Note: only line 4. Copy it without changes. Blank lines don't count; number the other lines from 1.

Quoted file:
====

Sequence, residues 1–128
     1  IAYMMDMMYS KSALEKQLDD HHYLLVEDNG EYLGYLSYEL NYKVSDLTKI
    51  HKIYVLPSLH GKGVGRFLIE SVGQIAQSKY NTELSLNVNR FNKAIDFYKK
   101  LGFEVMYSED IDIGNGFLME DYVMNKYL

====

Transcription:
   101  LGFEVMYSED IDIGNGFLME DYVMNKYL